A self-described “mentally mundane man” meditates every day for a week straight and discovers unexpected benefits
I’ve never thought of myself as a “put together” person.
I normally remember things instead of writing them down, and improvising all of my work is a cornerstone of my persona.
So when I looked for challenges and goals I could set to better myself, I landed on meditating 30 minutes a day before the hard work started so I could align myself with what I needed to do for that specific day and beyond.
I never had a hard definition in my mind of what one is supposed to do when they meditated.
The simple act of crossing your legs and closing your eyes and just meditating seemed so uncharacteristic to me. It was weird to think of nothing while my mind normally races at a thousand miles per hour, so I decided to try and focus on one topic for 30 minutes straight.
Instead of wondering how my relationships with my friends were, or what Commons was serving for dinner, I focused on my entire schedule for the day.
From planning out my trips to the gym, to making time to study in between all of my classes, setting aside time to set up my schedule was time that I had all to myself.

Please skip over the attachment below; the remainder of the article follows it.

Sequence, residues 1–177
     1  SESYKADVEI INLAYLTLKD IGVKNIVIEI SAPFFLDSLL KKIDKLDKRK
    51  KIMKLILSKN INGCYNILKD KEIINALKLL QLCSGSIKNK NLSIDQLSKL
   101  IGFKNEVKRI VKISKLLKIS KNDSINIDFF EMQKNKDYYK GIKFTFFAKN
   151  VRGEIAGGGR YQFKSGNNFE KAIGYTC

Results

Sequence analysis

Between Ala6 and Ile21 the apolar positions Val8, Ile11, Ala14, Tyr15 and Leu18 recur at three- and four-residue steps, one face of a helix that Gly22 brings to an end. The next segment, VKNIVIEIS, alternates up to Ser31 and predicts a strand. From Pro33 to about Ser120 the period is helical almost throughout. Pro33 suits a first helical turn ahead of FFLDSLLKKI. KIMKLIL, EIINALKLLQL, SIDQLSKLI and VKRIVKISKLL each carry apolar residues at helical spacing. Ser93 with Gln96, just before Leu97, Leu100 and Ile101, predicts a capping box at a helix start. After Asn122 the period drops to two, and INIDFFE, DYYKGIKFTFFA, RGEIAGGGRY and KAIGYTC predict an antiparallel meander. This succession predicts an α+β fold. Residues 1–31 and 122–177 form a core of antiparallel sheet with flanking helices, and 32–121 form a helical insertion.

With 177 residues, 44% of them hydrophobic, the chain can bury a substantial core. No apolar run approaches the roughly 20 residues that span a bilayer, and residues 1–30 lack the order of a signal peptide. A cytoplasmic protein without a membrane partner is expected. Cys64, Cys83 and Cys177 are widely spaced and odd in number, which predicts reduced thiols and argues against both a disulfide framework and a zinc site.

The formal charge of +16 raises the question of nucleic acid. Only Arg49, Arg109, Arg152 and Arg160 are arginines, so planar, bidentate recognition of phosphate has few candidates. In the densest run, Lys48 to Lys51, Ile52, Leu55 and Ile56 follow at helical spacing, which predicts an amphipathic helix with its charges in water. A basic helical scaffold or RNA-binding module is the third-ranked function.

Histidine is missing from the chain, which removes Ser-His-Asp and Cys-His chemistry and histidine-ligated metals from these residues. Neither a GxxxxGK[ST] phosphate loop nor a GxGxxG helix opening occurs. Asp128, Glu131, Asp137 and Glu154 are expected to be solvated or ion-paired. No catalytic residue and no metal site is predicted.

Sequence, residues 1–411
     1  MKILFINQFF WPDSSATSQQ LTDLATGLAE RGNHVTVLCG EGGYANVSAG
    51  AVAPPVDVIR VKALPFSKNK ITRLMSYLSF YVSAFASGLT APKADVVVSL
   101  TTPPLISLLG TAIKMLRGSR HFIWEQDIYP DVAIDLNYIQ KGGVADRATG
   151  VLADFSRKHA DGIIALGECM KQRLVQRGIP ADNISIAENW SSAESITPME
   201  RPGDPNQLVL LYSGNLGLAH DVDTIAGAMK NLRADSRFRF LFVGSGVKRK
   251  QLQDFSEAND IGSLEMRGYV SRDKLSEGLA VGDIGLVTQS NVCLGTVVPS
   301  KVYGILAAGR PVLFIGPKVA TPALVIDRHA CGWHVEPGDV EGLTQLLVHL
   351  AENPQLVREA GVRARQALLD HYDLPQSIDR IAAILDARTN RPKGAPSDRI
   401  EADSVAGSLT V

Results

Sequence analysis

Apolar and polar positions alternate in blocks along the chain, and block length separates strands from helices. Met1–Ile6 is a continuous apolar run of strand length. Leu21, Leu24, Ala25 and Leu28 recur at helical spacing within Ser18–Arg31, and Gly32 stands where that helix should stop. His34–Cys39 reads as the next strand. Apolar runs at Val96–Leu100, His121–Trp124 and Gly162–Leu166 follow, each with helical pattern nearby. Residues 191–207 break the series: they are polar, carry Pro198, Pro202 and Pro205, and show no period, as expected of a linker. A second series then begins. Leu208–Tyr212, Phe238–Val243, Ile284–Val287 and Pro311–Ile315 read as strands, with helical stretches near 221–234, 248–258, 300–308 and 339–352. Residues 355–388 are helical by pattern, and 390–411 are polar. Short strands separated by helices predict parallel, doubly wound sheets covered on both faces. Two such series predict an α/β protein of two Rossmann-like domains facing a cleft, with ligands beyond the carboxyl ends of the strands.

After several days of setting my schedule up over the course of 30 minutes, I tried to see if I could clear my mind entirely.
The only product of that was wondering how I could get a shark to eat a Pringle while it was still crispy.
I tried to vary up time spent on different things in my life.
Instead of organizing my schedule for 30 minutes, I went half and half between thinking about my friends and family, and considering when I was going to study before class.
When I didn’t have a goal to accomplish such as setting up my day or thinking about comforting my heartbroken friends, my thoughts ran around in every direction like people in a mosh pit.
But when I tried to focus on the aspect of my life that needed the most amount of direction, I found that I could actually be relaxed and calm during my 30 minutes.
This is not to say I’ve cracked the code on meditation, but after a week of meditating on how to live the rest of my day, I can confidently say I’ve found the best approach to meditation for me.
For anybody who finds themselves stressed out, or uncertain about day to day events they go through, I recommend you to take even 10 minutes to close your eyes and think.
Think about the words you want to say to win the girl back, or how you need to get in line early for Miss Virginia’s chicken nuggets.
Do something with that 10 minutes free from your phone, your laptop, your other obligations, because without a clear environment, you can’t focus on what needs to get done.
And what needs to get done just takes a little bit of mental power mixed with a little bit of effort.
~Tony Sabia, Staff Writer~